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The 400-Word Review:
The Incredible Burt Wonderstone

By Sean Collier

March 15, 2013

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Oh, for the comedy that might’ve been.

The Incredible Burt Wonderstone is an acceptable enough diversion, a minimally over-the-top riff on the world of Vegas magicians.

Steve Carell and Steve Buscemi star as a duo of stage illusionists, past their prime and badly in need of a rewrite; Olivia Wilde is their put-upon assistant, a hopeful young performer looking for a break. Jim Carrey is the Criss Angel stand-in, a viral-video street performer who injures himself in lieu of actual entertainment. James Gandolfini (surprisingly, the most refreshing of the performers) is a smarmy casino mogul.

Carell gets too full of himself and ruins an act, he and Buscemi have a rocky break-up, a childhood idol swoops in to inspire, a big-stakes competition arises. You know — a movie.

The unfortunate slight-of-hand, however, is the one that tries to turn viewers away from the more interesting movie that wasn’t made. The best scene in Burt Wonderstone forces Carell and Carrey to engage in an impromptu trick-off at a party; as the two gifted comic performers up their acts, the audience (on-screen and off) grow more engaged than they have at any other point.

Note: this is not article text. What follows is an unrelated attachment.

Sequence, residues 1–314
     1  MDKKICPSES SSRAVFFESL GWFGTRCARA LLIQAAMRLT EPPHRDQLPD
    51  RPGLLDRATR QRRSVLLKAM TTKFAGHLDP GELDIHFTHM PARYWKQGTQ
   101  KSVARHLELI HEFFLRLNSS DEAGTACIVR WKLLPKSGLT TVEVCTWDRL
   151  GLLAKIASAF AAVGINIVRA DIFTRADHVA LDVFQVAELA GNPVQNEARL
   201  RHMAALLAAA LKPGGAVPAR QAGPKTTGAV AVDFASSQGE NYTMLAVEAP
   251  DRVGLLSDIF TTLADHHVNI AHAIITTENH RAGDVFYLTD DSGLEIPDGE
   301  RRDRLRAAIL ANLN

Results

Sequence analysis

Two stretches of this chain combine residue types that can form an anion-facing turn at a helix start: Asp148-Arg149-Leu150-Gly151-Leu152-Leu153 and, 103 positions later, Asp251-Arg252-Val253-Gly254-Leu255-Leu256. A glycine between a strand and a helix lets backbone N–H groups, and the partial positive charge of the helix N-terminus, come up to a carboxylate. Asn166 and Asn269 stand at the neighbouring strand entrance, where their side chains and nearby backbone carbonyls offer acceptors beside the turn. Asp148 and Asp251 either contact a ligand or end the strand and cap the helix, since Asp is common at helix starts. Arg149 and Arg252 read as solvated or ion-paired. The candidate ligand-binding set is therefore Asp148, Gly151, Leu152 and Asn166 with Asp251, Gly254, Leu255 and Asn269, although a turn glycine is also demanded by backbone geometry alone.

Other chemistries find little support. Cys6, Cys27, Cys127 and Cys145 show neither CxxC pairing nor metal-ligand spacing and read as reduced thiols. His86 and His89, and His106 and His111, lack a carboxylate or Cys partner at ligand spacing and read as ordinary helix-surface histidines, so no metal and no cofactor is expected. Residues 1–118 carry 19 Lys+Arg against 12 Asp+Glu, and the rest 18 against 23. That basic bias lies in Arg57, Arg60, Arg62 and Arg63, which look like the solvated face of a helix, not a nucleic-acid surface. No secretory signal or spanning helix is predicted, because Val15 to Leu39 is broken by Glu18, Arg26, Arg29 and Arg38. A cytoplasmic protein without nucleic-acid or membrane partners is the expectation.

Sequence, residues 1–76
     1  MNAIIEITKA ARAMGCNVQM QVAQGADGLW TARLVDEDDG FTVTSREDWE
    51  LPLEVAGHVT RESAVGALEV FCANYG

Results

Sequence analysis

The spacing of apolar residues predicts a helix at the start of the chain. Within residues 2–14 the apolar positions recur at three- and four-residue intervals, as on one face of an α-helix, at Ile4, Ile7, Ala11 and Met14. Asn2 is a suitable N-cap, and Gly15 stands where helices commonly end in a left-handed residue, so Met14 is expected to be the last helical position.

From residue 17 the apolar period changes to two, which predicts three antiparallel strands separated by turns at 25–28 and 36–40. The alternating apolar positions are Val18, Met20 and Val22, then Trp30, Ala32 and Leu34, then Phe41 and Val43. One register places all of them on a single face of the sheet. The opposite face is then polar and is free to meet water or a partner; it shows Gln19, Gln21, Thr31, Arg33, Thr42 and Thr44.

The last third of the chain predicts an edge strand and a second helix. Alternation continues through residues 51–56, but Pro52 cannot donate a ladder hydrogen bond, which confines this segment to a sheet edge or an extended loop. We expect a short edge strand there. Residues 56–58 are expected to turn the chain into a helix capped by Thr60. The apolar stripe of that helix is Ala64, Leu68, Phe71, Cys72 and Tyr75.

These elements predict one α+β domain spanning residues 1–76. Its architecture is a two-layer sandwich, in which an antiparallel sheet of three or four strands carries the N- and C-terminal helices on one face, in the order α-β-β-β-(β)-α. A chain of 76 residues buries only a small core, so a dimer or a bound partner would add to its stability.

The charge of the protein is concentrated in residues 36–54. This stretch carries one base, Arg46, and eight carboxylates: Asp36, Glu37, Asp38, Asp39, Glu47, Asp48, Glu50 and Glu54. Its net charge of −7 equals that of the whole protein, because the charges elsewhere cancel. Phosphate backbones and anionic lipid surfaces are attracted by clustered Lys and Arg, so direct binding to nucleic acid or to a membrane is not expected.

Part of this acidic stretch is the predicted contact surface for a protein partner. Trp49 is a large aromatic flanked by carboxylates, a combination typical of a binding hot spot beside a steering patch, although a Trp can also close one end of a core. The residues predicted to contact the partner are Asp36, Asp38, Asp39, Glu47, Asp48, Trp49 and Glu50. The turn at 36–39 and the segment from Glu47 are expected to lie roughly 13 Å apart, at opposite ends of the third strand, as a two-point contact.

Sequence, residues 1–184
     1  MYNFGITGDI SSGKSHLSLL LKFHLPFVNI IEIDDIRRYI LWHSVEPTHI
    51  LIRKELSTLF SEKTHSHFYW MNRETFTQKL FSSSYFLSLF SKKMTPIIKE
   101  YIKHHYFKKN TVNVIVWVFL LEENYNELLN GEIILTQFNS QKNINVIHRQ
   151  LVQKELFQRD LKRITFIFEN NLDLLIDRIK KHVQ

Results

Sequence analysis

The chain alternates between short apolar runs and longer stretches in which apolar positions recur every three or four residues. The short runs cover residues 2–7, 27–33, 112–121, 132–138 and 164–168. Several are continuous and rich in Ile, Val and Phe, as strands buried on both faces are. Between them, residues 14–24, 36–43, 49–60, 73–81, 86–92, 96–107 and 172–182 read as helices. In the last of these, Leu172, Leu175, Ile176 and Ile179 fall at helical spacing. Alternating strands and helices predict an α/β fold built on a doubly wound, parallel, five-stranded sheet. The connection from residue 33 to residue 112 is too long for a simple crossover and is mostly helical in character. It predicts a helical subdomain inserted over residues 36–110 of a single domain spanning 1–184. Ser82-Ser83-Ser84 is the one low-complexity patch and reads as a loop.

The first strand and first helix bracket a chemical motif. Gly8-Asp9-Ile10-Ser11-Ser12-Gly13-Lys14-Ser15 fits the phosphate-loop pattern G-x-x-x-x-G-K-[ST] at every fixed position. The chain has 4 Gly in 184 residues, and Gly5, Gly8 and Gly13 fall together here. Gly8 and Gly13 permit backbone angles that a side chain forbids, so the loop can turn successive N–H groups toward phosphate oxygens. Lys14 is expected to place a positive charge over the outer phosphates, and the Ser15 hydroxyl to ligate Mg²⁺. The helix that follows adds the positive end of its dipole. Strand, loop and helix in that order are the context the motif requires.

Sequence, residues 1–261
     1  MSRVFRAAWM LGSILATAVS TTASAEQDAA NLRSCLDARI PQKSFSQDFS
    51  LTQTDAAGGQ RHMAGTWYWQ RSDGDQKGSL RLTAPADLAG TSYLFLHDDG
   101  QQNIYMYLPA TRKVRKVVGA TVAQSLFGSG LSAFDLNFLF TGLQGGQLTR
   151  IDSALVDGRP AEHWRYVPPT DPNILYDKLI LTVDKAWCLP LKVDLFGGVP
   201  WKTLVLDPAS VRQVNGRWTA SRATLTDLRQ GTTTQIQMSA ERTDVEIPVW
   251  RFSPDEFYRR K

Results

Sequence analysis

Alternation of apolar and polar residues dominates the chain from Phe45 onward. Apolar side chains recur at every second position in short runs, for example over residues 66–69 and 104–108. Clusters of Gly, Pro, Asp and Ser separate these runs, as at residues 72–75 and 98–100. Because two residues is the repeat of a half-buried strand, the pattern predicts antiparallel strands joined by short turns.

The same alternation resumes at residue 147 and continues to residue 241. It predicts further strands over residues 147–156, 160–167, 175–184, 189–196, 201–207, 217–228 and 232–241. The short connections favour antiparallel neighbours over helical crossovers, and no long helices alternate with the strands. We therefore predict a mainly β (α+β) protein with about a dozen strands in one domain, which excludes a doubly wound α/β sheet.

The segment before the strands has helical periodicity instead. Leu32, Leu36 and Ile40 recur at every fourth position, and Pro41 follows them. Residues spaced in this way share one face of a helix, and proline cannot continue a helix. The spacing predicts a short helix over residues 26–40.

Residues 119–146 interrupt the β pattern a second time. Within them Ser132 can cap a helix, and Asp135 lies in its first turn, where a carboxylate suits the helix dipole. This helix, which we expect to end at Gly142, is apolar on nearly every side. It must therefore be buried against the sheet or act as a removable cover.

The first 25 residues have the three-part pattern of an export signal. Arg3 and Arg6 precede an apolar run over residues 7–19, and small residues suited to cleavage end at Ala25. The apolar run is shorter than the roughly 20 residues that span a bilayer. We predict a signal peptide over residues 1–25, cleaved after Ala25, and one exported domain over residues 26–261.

So why wasn’t that the story?




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Start the flick the same way — Carell and Buscemi are slipping, they have a break-up. Buscemi allies with Carrey to combine smarts and insanity into a new act; Wilde strikes out on her own. Carell must find a way to compete. Most of the movie is scenes like the one good one that made it through.

Would that have been so much harder? Wonderstone reeks of a poor executive decision; perhaps this producer or that (11 are listed on IMDb) instructed one of the (four) writers to make it more of a typical story, appeal to all the key demos and whatnot. Perhaps that gives too much credit; maybe none of those scribes, led by Jonathan Goldstein (Horrible Bosses) and John Francis Daley (best known as the protagonist of “Freaks and Geeks”) saw the obviously better idea in front of them.

In a reality-competition world, it seems too obvious to have been missed.

What’s left is okay. There are plenty of funny people around, and a number of entertaining sequences and decent laughs. But Wonderstone struggles to find much of a rhythm, and fails to distinguish itself. With all the ammunition it had, that has to be considered a serious disappointment.

Sean Collier is the Associate Editor of Pittsburgh Magazine and a member of the Broadcast Film Critics Association. Read more from Sean at pittsburghmagazine.com/afterdark


     


 
 

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